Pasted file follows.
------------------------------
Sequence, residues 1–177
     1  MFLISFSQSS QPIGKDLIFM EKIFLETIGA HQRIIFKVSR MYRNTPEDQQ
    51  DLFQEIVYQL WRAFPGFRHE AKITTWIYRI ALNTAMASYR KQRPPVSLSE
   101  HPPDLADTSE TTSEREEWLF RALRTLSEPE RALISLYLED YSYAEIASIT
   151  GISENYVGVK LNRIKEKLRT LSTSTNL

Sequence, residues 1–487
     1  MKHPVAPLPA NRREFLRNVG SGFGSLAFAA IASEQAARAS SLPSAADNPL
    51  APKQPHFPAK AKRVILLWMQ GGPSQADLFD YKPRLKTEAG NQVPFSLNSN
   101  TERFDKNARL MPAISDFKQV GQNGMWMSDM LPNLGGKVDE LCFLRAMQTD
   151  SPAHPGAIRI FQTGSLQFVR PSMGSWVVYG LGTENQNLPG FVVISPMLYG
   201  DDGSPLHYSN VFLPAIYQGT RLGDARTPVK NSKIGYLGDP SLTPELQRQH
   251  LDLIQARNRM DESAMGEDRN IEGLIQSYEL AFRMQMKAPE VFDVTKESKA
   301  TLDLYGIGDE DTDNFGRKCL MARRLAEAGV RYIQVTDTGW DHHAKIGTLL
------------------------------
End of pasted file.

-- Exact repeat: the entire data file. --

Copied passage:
Sequence, residues 1–177
     1  MFLISFSQSS QPIGKDLIFM EKIFLETIGA HQRIIFKVSR MYRNTPEDQQ
    51  DLFQEIVYQL WRAFPGFRHE AKITTWIYRI ALNTAMASYR KQRPPVSLSE
   101  HPPDLADTSE TTSEREEWLF RALRTLSEPE RALISLYLED YSYAEIASIT
   151  GISENYVGVK LNRIKEKLRT LSTSTNL

Sequence, residues 1–487
     1  MKHPVAPLPA NRREFLRNVG SGFGSLAFAA IASEQAARAS SLPSAADNPL
    51  APKQPHFPAK AKRVILLWMQ GGPSQADLFD YKPRLKTEAG NQVPFSLNSN
   101  TERFDKNARL MPAISDFKQV GQNGMWMSDM LPNLGGKVDE LCFLRAMQTD
   151  SPAHPGAIRI FQTGSLQFVR PSMGSWVVYG LGTENQNLPG FVVISPMLYG
   201  DDGSPLHYSN VFLPAIYQGT RLGDARTPVK NSKIGYLGDP SLTPELQRQH
   251  LDLIQARNRM DESAMGEDRN IEGLIQSYEL AFRMQMKAPE VFDVTKESKA
   301  TLDLYGIGDE DTDNFGRKCL MARRLAEAGV RYIQVTDTGW DHHAKIGTLL